The best database with search engine is PubMed. It is free and the keyword search with PubMed offers optimal update frequency and includes online early articles. It is also quick and easy to use.
Google Scholar is also free but it offers results of inconsistent accuracy. It can help in the retrieval of even the most obscure information but its use is marred by inadequate, less often updated, citation information. It updates once a month. Much information about its content coverage remains unknown and results with Google Scholar are displayed in relation to times of visits from users, not in relation to another index of quality of the publication.
Due to the unprecedented growth of electronic resource (e-resource) availability, one of the questions currently being explored is, “how often are e-resources being cited in my field?”. It uses citations in scholarly works to establish links to other works or other researchers. It is one of the most widely used methods of bibliometrics. Automated citation analysis has changed the nature of the research allowing millions of citations to be analyzed for large scale patterns.
For some this is an important feature, mostly for scientists struggling to survive in an academic swamp. For physicians and patients this feature is not important.
Scopus is the only European database, and both Scopus and Web of Science belong to commercial providers and require an access fee. Both Scopus and Web of science are readily updated for printed literature but do not include online early versions as PubMed does. Both databases include only published articles and not online early ones.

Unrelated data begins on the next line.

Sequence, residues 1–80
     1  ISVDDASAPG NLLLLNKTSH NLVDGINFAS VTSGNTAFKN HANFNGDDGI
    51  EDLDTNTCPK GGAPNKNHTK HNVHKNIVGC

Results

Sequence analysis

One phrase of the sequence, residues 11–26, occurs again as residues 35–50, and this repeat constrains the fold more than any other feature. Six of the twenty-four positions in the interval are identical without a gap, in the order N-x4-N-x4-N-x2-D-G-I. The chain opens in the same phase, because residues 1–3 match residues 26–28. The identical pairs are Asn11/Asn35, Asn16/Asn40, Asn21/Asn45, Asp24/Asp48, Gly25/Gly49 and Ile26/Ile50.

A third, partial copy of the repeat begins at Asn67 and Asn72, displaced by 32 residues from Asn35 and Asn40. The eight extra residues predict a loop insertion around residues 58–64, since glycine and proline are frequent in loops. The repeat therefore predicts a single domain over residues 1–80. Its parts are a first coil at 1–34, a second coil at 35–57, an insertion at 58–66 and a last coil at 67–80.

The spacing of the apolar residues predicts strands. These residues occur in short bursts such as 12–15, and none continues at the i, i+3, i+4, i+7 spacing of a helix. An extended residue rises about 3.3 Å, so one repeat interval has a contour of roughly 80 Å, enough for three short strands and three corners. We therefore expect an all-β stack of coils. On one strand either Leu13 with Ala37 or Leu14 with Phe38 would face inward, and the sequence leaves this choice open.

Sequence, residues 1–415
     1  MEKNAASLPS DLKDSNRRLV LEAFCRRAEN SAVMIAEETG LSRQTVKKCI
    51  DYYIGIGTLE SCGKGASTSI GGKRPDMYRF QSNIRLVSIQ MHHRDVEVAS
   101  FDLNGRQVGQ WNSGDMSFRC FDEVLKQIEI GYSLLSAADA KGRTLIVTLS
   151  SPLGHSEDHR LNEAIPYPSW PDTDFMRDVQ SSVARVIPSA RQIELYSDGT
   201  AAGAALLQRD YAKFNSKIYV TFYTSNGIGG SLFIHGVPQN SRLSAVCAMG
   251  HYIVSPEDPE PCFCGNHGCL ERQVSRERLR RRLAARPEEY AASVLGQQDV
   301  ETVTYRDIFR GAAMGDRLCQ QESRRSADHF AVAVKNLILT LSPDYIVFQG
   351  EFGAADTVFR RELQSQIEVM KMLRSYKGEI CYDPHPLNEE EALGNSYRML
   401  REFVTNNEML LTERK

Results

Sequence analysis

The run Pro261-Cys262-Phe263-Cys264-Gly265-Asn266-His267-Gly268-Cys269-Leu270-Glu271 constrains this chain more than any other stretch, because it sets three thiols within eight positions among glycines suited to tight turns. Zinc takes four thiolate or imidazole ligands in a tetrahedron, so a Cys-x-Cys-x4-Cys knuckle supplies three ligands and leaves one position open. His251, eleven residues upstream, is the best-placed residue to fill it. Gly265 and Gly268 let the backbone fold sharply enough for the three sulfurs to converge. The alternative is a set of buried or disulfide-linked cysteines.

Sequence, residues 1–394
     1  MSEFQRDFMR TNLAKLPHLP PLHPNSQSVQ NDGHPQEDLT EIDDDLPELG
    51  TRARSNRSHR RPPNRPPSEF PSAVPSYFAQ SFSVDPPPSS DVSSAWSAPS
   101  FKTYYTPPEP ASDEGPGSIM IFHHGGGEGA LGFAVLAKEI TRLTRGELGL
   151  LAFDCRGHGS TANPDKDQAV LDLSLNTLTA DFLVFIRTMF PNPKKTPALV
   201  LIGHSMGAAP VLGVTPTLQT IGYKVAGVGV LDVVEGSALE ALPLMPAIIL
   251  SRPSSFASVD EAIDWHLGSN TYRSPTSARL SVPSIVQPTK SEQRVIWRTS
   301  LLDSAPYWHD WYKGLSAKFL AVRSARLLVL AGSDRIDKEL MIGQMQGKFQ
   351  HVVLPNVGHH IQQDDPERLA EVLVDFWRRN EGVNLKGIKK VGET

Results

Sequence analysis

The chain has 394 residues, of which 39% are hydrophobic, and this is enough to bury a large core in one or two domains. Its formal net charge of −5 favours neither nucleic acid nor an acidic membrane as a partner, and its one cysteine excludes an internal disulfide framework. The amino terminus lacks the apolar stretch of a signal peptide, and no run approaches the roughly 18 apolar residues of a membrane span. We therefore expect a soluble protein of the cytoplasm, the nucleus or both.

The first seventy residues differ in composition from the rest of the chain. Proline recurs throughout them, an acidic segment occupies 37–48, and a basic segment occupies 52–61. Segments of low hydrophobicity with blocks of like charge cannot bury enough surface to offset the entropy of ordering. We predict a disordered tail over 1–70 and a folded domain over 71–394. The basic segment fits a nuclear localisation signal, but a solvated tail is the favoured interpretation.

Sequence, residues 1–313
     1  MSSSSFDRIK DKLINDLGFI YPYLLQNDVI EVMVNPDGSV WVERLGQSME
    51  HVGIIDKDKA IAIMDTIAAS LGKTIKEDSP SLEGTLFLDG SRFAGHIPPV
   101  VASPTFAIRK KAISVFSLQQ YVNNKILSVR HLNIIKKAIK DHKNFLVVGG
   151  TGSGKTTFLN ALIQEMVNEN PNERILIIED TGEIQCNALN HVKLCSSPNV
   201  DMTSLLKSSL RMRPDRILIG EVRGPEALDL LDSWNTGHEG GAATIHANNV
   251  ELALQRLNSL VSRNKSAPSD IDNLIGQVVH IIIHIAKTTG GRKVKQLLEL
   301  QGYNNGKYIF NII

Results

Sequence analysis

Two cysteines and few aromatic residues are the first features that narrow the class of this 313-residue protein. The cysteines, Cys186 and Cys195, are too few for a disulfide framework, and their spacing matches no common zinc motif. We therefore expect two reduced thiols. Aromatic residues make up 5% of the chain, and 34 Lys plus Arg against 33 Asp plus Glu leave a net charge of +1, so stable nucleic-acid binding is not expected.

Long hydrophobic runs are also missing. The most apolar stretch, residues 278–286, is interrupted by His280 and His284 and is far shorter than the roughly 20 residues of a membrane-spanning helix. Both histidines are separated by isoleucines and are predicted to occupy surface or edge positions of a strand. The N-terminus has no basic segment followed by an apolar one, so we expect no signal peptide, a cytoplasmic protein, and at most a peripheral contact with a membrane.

PubMed focuses mainly on medicine and biomedical sciences, whereas Scopus, Web of Science, and Google Scholar cover most scientific fields. Web of Science covers the oldest publications, because its indexed and archived records go back to 1900. PubMed allows the larger number of keywords per search but is the only database of the four that does not provide citation analysis. Scopus includes articles published from 1966 on, but information regarding citation analysis is available only for articles published after 1996.
From a previous post: Google is significantly more efficient in searching for specific medical information than other search engines such as Yahoo!, Ask.com and Wikipedia. Moreover, general search engines guide users to websites likely to contain information on a topic of interest with greater efficiency than directly accessing an individual website (eg, Wikipedia, MDconsult and others). But google was only very efficient in this study probably because it was used by web savvy professionals and the type of information for which they were seeking was very specific.
Using Search Engines to Find Online Medical Information
If you want to use more general search engines such as google instead of these previous discussed biomedical databases there is a good introduction on how to use Google for searching for medical information on PLoS Medicine: Using Search Engines to Find Online Medical Information, freely available and open access.
M. E. Falagas, E. I. Pitsouni, G. A. Malietzis, G. Pappas (2007). Comparison of PubMed, Scopus, Web of Science, and Google Scholar: strengths and weaknesses The FASEB Journal, 22 (2), 338-342 DOI: 10.1096/fj.07-9492LSF
Mohammad Al-Ubaydli (2005). Using Search Engines to Find Online Medical Information PLoS Medicine, 2 (9) DOI: 10.1371/journal.pmed.0020228
P JOHNSON, J CHEN, J ENG, M MAKARY, E FISHMAN (2008). A Comparison of World Wide Web Resources for Identifying Medical Information Academic Radiology, 15 (9), 1165-1172 DOI: 10.1016/j.acra.2008.02.010